The High Court has upheld the right of doctors with a conscientious objection to abortion to opt out of giving advice to patients seeking the procedure.
The case, which was heard last month, was taken by a Wellington GP who objected to proposed changes to Medical Council guidelines on how doctors deal with abortion requests.
Justice Mackenzie found the guidelines went too far in requiring medical practitioners to provide information about abortions themselves, and requiring them to arrange or refer a patient to another doctor to discuss an abortion.
Dr Catherine Hallagan’s lawyer told the High Court in Wellington the new guidelines relating to belief and medical practice went beyond what the council might require of medical practitioners dealing with patients requesting an abortion.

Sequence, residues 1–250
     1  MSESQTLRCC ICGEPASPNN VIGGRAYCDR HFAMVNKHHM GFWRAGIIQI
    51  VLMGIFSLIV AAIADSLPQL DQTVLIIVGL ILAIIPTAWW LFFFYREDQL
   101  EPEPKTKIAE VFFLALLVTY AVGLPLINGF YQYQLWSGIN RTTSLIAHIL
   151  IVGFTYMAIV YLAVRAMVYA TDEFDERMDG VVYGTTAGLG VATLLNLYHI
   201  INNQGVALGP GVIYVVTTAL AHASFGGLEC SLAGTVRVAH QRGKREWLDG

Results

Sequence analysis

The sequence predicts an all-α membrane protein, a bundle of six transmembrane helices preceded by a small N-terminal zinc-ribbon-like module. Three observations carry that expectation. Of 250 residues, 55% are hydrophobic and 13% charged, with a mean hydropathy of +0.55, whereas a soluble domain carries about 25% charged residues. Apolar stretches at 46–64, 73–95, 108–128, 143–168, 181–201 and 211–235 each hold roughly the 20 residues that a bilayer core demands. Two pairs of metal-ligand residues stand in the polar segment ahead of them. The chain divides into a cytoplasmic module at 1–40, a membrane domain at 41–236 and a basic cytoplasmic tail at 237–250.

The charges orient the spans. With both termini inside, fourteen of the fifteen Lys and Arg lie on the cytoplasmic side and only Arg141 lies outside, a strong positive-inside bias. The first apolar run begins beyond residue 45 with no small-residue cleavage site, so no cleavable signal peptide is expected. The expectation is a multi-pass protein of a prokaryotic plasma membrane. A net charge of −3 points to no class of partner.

The council’s lawyer argued they struck an appropriate balance between doctors’ and patients’ rights.
Justice Mackenzie found the proposed guidelines overstate the duty of a doctor with a conscientious objection to abortion, and need to be amended.
Dr Hallagan, who is from Wellington, says the decision vindicates the concerns that she had from the outset about aspects of the proposed guidelines.
Medical Council chairman John Adams says they had already been through a lengthy consultation and redrafting process before the court case began.
Dr Adams says the council will consider the court’s recommendations when it next meets in February.